Boundaries are heavy. Like, crush your skull into a bloody pulp heavy. Add to this the fact that they can also write a good song, and you have a pretty damn satisfying EP. Continue reading
Mixing old and new influences from the metalcore and hardcore scenes, this is a savage and heavy collection of songs, despite being enhanced by some more accessible parts here and there. Continue reading
I don’t often get to listen to much belligerent hardcore these days, so it’s great when I cross paths with something as heavy and uncompromising as Abolitionism. Continue reading
Here we have 34 minutes of metallic hardcore, full of spitting anger and beefy riffs. Continue reading
Face Value is an angry slab of metallic hardcore; 29 minutes of teeth and attitude. Continue reading
Heaviness, thy name is Time Walk.
Combining muscular hardcore from Continue reading
I haven’t encountered Walls of Jericho since their 2004 album All Hail the Dead, which I really enjoyed. I’m not too sure why I never got any of their subsequent releases, but at least I’m finally catching up with them again now, a mere 12 years later…
Coming from a very fertile time in Hardcore/Metalcore history, Walls of Jericho continue to play the kind of heavy, angry music that’s so effortlessly pit-friendly and easy to move to.
The singer’s angry snarl appears to have gotten even gruffer over the years since I last heard her, and on this newest album she sounds on fire with her aggressive delivery. It’s interesting, as on some songs she varies her style a bit and when she screams a little higher in places she sounds more like her old self. Which do I prefer? Honestly not sure. Her deeper voice has more drive in it but her higher one has more personality. Ultimately both do the job nicely, just in different ways.
The songs are compact and belligerent, echoing the style of fellow bruisers Hatebreed, Terror, Born from Pain, etc. only with Walls of Jericho adding their own spin on things. They seem absolutely designed to be played in a live environment, with every riff tweaked to provide maximum mosh-pit action.
Featuring a plethora of heavy, chunky riffs and enough breakdowns to snap a leg to, this is a record that’s easy to get along with.
The last track Probably Will is completely out of place and out of sync with the rest of the album, showing a definite different side to the band and the singer in particular. It’s great to hear and a great song, but as it’s so different to everything else on here it almost shows large chunks of the rest of the album in a bad light as it has much more depth and nuance than anything else on this record. The key word in that last sentence, though, is almost, as the material is strong and confident enough to stand on its own when compared to its softer side.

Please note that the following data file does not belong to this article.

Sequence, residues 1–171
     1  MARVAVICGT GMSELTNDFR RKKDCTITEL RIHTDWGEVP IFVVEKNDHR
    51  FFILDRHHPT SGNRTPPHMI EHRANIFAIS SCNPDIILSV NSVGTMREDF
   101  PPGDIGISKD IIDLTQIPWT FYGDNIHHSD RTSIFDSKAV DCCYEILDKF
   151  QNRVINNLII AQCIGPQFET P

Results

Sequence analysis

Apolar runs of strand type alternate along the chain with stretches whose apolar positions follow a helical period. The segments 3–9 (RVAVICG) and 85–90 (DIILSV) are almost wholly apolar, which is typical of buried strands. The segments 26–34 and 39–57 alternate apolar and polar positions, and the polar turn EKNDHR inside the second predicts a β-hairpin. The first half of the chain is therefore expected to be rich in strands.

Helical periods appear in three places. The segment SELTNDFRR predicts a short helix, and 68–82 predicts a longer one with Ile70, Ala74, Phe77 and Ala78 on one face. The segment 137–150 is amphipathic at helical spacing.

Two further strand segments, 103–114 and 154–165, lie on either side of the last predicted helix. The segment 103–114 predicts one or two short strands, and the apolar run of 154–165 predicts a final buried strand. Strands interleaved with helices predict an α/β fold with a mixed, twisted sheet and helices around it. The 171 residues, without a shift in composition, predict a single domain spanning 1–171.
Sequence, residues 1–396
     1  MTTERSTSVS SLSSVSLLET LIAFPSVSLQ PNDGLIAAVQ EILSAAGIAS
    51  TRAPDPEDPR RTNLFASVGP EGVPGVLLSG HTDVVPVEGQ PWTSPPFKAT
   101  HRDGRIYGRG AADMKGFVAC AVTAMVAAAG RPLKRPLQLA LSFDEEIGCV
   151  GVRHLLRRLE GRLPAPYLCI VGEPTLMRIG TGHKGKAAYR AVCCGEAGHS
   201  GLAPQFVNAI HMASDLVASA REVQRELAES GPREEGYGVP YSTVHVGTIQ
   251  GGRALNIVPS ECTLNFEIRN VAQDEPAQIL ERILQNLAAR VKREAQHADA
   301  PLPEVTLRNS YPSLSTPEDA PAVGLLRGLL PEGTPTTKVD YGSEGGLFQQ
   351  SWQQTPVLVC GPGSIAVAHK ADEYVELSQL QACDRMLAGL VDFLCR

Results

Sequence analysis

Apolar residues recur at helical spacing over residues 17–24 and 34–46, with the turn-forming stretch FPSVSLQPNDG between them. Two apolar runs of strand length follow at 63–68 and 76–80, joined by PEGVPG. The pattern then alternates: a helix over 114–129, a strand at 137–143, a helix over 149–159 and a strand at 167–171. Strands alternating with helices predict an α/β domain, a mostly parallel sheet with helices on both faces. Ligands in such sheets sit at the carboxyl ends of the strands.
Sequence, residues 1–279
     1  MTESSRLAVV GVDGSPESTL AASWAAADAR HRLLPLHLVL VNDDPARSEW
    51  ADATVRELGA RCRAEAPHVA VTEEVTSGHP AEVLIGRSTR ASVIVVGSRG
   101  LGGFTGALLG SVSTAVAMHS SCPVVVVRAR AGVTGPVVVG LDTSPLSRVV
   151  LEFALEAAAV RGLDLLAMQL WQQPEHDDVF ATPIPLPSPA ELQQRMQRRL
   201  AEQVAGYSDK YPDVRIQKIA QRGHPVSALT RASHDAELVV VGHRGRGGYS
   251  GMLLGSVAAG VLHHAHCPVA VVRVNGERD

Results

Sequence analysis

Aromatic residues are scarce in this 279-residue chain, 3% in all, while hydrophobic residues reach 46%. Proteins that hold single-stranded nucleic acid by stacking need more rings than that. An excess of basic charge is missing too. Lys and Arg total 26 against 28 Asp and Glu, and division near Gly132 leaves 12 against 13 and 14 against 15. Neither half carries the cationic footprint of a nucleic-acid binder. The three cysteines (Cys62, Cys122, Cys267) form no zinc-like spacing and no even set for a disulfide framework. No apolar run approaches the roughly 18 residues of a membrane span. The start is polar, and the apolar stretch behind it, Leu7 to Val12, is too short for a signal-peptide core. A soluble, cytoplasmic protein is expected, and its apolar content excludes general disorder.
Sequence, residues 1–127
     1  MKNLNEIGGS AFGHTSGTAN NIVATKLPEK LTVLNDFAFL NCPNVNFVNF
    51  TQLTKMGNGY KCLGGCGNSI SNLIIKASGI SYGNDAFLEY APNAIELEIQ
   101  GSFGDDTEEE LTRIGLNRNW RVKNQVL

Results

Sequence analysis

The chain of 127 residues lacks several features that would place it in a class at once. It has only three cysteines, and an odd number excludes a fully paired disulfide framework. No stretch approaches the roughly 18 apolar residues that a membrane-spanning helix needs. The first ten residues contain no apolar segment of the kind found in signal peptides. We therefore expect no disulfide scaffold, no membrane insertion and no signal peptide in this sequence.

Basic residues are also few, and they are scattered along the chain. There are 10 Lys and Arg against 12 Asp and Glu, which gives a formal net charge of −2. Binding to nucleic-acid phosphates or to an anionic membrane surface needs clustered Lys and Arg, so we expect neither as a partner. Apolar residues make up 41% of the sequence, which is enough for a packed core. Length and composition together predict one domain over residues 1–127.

Overall, this is a strong return for the band after an eight year absence, and No One Can Save You from Yourself is definitely a recommended listen for when you want to feel energised and firmly want the cobwebs blown away in the morning.
Grieved play dark Hardcore with plenty of venom and bite. This is a grim, nightmare vision of Punk and Metal, where destruction is commonplace and fear is everywhere.
Riffs are darkly emotive in a downbeat style and the songs take the positive energy of Hardcore and turn it in on itself, cannibalising and tearing at itself so that only the energy remains, inverted and corrupted. It is still a vibrant energy though, and these songs bristle with life and dark potency.
The singer screams out his words sounding like shattered glass given voice. His delivery is consistently engaging and has enough charisma and character despite essentially just shouting through these 29 minutes.
Across these songs the band show themselves to be adept at songwriting. These tracks are well-thought-out and have an emotive energy to them that’s undeniable. This is brought to the fore by the guitars and their interplay with the vocals, both of which are very satisfying in their own right.
There’s very little speed or urgency on this, it’s pretty much mainly mid-to-slow paced, revelling in its broodiness and building intent. When faster parts do appear, it’s like a coiled serpent has suddenly decided to strike.
I have really enjoyed this. I like that it focuses on songs and structure to deliver its negativity rather than overly relying on pure brutality or rage; this is more Born from Pain or Throwdown than Converge, although the positive message is entirely missing.